According to results from a retrospective study, functional and anatomical outcomes are similar after treatment with yellow micropulse (MP) laser or half-dose verteporfin photodynamic therapy (PDT) for chronic central serous chorioretinopathy (CSCR)

"At this point, I would favor MP laser, as it is a cheaper option, less cumbersome to implement, and appears to have less adverse events,” Dr. Lihteh Wu from Asociados de Macula Vitreo y Retina de Costa Rica, San Jose reported.

Dr. Wu et al. in the Pan-American Collaborative Retina Study (PACORES) group compared outcomes of chronic CSCR treated with yellow MP laser versus half-dose verteporfin PDT in their multicenter, retrospective study of 159 eyes.

Mean follow-up was 15.8 months for the 92 eyes treated with MP laser and 17.4 months for the 67 eyes treated with half-dose verteporfin PDT, according to the British Journal of Ophthalmology online report.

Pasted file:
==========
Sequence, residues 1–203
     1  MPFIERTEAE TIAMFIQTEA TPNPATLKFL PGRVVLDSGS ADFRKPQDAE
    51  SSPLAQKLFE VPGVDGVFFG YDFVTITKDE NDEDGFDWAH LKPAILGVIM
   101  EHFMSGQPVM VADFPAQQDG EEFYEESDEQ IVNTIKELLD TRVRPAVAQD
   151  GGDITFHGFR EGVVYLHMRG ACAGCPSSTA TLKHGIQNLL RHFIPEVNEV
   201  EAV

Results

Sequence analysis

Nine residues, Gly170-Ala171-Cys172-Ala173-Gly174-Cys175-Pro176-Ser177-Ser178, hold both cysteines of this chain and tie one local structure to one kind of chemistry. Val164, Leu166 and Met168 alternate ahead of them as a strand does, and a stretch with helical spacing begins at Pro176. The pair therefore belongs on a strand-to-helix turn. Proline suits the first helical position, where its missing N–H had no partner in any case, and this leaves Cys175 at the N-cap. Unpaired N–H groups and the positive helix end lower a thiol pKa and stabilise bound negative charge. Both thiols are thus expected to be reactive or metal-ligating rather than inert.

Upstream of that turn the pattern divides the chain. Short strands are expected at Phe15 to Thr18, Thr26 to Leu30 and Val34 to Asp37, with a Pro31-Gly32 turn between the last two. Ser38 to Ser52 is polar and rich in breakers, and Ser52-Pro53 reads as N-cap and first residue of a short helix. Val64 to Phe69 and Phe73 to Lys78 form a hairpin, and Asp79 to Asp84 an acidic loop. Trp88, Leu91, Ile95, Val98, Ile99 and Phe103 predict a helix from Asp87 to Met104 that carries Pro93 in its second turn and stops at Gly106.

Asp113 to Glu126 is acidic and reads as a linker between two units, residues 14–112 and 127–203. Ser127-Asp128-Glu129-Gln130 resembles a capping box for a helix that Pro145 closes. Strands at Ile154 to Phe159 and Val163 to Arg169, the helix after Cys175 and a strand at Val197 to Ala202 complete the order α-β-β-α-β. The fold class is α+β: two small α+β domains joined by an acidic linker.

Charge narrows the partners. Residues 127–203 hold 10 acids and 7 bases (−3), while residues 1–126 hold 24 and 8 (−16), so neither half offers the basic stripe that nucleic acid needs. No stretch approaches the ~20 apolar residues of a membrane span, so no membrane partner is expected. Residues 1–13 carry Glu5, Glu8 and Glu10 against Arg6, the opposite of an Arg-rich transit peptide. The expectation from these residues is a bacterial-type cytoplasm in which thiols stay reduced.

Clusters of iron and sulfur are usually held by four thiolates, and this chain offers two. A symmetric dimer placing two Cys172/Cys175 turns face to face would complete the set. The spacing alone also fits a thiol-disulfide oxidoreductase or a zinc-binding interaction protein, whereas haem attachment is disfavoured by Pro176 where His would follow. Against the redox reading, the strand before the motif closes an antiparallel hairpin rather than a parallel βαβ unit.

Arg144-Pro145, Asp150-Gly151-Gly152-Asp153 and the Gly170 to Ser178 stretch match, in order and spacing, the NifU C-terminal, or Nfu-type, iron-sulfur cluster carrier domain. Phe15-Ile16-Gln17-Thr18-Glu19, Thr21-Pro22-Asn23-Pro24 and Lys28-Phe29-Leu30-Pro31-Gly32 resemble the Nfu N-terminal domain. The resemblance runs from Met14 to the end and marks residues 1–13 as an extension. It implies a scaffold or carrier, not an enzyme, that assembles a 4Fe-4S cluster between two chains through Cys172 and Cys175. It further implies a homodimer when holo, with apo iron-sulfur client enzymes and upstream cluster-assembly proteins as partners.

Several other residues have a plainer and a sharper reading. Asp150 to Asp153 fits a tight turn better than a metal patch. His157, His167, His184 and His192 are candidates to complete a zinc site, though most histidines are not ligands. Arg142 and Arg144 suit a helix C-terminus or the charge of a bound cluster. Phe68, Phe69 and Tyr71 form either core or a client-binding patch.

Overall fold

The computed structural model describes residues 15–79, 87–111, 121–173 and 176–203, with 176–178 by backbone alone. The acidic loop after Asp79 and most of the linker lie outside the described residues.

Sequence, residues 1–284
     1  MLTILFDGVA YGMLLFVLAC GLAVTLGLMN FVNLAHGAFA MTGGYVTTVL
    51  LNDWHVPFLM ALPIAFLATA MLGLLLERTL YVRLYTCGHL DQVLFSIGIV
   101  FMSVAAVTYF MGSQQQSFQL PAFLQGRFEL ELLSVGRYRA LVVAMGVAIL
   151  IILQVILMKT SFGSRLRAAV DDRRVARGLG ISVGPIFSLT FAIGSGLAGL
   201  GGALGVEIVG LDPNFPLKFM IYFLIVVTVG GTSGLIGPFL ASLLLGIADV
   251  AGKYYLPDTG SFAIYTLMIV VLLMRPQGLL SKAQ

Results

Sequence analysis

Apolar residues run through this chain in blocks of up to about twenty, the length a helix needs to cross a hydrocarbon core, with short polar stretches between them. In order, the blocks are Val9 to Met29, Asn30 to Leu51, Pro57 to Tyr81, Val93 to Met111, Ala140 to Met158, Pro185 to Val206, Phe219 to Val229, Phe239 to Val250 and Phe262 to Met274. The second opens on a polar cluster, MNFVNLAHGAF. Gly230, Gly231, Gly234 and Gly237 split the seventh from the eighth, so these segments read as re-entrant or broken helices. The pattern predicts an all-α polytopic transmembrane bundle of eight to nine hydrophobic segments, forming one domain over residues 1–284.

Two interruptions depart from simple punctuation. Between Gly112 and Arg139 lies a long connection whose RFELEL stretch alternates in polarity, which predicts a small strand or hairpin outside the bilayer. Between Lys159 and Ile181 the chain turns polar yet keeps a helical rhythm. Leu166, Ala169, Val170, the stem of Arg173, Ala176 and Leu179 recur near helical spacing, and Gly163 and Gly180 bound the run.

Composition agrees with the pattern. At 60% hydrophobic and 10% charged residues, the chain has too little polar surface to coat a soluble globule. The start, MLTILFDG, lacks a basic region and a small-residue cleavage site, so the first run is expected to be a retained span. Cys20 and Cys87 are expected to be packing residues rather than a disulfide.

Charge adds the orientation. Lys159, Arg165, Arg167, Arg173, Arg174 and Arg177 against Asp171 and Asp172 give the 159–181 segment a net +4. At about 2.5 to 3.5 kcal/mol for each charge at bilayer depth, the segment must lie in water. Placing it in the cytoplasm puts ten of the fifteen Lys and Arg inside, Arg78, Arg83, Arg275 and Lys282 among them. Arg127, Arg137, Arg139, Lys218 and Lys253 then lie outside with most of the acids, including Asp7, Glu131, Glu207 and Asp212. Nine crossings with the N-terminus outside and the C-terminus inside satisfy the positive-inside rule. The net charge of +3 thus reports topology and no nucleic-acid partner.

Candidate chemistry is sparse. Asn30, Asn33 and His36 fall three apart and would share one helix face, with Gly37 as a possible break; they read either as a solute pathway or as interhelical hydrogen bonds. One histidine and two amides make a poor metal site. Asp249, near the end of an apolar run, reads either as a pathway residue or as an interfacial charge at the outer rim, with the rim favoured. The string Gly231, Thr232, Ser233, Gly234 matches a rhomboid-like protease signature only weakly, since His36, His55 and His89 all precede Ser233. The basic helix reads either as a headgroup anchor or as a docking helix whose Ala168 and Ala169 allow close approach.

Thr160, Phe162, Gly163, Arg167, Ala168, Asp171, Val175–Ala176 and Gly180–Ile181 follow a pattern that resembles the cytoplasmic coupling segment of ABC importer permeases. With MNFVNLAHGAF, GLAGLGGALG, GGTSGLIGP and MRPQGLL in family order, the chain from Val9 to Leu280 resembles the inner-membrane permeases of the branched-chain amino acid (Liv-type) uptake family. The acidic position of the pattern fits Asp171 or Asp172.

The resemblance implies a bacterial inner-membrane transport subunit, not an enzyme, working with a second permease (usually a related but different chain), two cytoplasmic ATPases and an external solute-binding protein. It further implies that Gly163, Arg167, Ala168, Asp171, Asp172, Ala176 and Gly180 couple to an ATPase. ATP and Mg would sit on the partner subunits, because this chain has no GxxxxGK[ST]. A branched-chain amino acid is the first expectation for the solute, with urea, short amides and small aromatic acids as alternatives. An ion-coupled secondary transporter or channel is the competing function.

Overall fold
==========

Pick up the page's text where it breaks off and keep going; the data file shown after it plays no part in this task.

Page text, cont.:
The mean best-corrected visual acuity (BCVA) improved from 0.41 logMAR at baseline to 0.21 logMAR at 12 months after laser treatment, whereas the mean BCVA did not improve at any time point in the half-dose PDT group.

In contrast, mean central macular thickness (CMT) improved to a similar extent with MP laser (from 402 micrometers at baseline to 303 micrometers at last follow-up) and with verteporfin PDT (from 352 to 215 micrometers).

Subfoveal central thickness also improved to a similar extent in the two treatment groups. Significantly more eyes in the MP laser group (17.4%) than in the verteporfin PDT group (9%) have retreated during follow-up.

No adverse events were attributable to the MP laser treatment, whereas one eye in the half-dose verteporfin PDT group developed choroidal neovascularization (CNV) 4 weeks after treatment.

Dr. Ron P. Gallemore from Retina Macula Institute, Torrance, California, reported, "I use micropulse laser in the majority of cases. If this fails, I use PDT but usually combine it with anti-VEGF therapy, since I believe that many such cases are associated with CNV.”

“A simpler technique is now available for the treatment of central serous retinopathy that is as safe and effective as PDT with less cost and greater availability,” he concluded. “Always give your patients treatment alternatives. Not all patients respond the same, and the greater options we have will allow us to achieve better results for more patients.”